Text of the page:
9.4.9 There is very limited land available for new business development in Chipping Norton - an issue highlighted in the Council's latest economic evidence[1] . There is a small undeveloped plot of 0.1ha remaining at Cromwell Park, 0.4ha allocated but unavailable at the highway depot off the Banbury Road and 2ha of previously permitted business land on the former Parker Knoll site also unavailable. There remains demand for additional business units, including good quality small industrial units and office space.

9.4.10 Elsewhere in the sub area there is a large mainly industrial area at Enstone Airfield and Lotus F1 has a significant facility just outside Middle Barton. In addition there are small industrial and business parks, many in converted farm buildings such as at Kiddington and Radford.

1. West Oxfordshire Economic Snapshot and Outlook (2015) - CAG [back]

Transport

9.4.11 Transport is a key issue for this sub-area. Chipping Norton sits astride the crossing of the A44 and A361, with the heavily used lorry route to and from the Evesham area passing through the town centre and detracting from the quality of the centre. This has led to an Air Quality Management Area (AQMA) being designated along the town centre roads and extending along Banbury Road.

9.4.12 An Air Quality Action Plan was approved in October 2008 and contains a range of measures aimed at improving air quality, primarily through reduction of HGV movements through promoting alternative routes. The requirement for a bypass for the town to ease the impact of lorries on the town centre has been previously assessed but not taken forward.

9.4.13 In terms of public transport, Chipping Norton is not served by rail but there is a railbus to nearby Kingham Station. Chipping Norton has a good range of bus services for a rural market town but there are some deficiencies in the service network.

9.4.14 In terms of pedestrian access, the close proximity between key locations have the potential to make positive contributions towards accessibility across Chipping Norton, though, this is hindered due to the topography and relatively poor connections within the residential areas. Legibility, way-finding and permeability are key issues, particularly within residential areas for pedestrians to access local services, schools, employment areas and the town centre.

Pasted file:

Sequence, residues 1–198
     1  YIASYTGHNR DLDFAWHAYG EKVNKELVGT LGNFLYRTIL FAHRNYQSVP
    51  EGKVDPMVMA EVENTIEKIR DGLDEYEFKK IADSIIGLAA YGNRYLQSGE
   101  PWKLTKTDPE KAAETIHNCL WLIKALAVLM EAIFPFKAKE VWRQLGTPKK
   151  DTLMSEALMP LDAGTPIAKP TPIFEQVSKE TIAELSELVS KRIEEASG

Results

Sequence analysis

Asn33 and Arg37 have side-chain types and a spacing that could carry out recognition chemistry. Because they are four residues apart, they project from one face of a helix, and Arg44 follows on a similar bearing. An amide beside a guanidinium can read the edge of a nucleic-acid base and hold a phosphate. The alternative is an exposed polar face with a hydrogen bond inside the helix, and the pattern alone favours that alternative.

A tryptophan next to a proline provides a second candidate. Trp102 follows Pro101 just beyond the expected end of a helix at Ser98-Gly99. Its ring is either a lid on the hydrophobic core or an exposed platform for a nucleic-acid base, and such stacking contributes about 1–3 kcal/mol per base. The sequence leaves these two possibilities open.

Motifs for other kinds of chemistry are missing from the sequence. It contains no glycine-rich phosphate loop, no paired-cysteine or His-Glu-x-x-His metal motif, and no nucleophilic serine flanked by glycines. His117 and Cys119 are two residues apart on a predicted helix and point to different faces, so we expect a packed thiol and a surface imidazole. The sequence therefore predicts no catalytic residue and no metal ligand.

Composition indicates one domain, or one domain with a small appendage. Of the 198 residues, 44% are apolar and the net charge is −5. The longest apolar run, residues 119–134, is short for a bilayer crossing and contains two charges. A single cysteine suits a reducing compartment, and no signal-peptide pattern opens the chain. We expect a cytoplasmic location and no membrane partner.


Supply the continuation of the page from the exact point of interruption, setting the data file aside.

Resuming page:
9.4.15 There are no cycle links to Chipping Norton from the surrounding settlements and within the town some roads are too narrow for cycle paths. Although cyclists can use bridleways, restricted byways and byways (along with horse riders) these often do not connect up safely with roads that are safe to use. Some of the country lanes around Chipping Norton are quiet and attractive for cycling, but the main A and B roads are busier and less attractive.

9.4.16 The availability of public car parking in Chipping Norton has been identified as a key constraint affecting the vitality and viability of the town centre.

Retail and Leisure

9.4.17 Chipping Norton Town Centre contains a variety of shops and services, pubs and restaurants as well as a weekly market. These facilities primarily serve the day to day needs of residents of the town and surrounding villages but also attract passing tourist trade. The centre however has a good range of shops for a town of its size including national multiple and independent retailers.